The ghost exits, and Macbeth tries to pull it together, playing it off to his guests, only to have the ghost re-enter. Macbeth loses it again, and this time Lady Macbeth sends them off. The ghost exits again, and Macbeth can only say, “Blood will have blood. // Stones have been known to move and tries to speak” (III.iv.123-24). [quasi-foreshadowing there, ladies and gentlemen: trees will move, I tell ya]
Macbeth complains that “Macduff denies his person // At [their] great bidding” (III.iv.129-30), noting he knows this because of spies he has in the homes of his enemies. Macbeth decides he’s going to visit the witches and find from them what is going to happen. Lady Macbeth can only say that this is all because he “lack[s] the season of all natures, sleep” (III.iv.142). Not surprising, given Macbeth had heard someone (something?) cry out after the murder of Duncan, that Macbeth does murder sleep.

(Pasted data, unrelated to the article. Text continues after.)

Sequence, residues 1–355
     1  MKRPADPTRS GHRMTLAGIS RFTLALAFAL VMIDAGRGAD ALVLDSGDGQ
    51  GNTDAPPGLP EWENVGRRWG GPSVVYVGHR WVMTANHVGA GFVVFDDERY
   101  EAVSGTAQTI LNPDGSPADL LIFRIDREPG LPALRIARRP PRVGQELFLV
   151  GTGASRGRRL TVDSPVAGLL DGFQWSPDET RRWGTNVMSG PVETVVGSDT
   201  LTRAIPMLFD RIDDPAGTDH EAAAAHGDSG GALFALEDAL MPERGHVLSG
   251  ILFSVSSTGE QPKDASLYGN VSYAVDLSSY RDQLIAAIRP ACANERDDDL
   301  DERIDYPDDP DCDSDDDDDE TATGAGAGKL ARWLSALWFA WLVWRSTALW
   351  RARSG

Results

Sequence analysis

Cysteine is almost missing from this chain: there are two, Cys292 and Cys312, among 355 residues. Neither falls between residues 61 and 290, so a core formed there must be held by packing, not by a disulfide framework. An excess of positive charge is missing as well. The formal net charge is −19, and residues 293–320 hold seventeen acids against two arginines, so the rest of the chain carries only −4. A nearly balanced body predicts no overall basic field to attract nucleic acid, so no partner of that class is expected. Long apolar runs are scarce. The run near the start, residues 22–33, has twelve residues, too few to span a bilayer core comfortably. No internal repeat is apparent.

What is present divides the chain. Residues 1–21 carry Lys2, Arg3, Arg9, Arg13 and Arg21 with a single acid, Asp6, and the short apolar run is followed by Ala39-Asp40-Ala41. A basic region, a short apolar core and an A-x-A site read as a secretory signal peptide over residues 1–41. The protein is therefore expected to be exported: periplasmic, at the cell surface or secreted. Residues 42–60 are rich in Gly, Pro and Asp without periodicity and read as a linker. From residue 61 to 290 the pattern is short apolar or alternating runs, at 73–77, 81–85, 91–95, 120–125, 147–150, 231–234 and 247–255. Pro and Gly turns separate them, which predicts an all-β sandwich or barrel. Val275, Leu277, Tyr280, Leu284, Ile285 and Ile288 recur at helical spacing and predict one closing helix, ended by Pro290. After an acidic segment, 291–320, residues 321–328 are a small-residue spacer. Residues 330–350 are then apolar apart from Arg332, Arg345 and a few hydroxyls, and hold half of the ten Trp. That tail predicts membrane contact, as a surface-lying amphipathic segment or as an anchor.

The fifth scene of the act is a weird one: the witches’ coven and their leader Hecate, berating them for “trad[ing] and traffic[king] with Macbeth” (III.v.4) without bringing her in on the fun.
The sixth and final scene of the third act opens on one of the lords, Lennox, expounding on the suspicions that opened the act (plus one):
- The death of Duncan, blamed on the sons.
- The death now of Banquo, sarcastically blamed on the son as well: “Fleance killed, // For Fleance fled” (III.vi.6-7).
He tells another lord that he hears that “Macduff lives in disgrace” (III.vi.22).
The second lord, we’ll call him Lord Exposition (as he has no other name), tells Lennox and us that Malcolm is “in the English court, and is received // Of the most pious Edward” (III.vi.26-7) the Confessor. Macduff has headed to England to convince Malcolm to retake Scotland with the help of “Northumberland and warlike Siward” (III.vi.31), English lords whose lands border on Scotland. The news of this mission, the lord continues, has reached the ears of the king and “he // Prepares for some attempt at war” (III.vi.38-9). These two lords pray for Macduff’s success so “that a swift blessing // May soon return to this our suffering country” (III.vi.48-9).
And thus the third act of Macbeth ends, with a crazed king and heading down the tracks to impending war.